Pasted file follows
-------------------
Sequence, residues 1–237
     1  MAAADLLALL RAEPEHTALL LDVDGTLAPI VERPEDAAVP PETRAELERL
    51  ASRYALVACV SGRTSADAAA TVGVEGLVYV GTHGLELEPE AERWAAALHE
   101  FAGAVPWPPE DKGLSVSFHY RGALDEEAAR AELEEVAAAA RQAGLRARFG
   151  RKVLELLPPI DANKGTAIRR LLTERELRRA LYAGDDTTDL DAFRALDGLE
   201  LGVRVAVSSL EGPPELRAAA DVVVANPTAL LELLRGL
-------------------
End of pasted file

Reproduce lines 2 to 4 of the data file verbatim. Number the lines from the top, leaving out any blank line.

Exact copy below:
     1  MAAADLLALL RAEPEHTALL LDVDGTLAPI VERPEDAAVP PETRAELERL
    51  ASRYALVACV SGRTSADAAA TVGVEGLVYV GTHGLELEPE AERWAAALHE
   101  FAGAVPWPPE DKGLSVSFHY RGALDEEAAR AELEEVAAAA RQAGLRARFG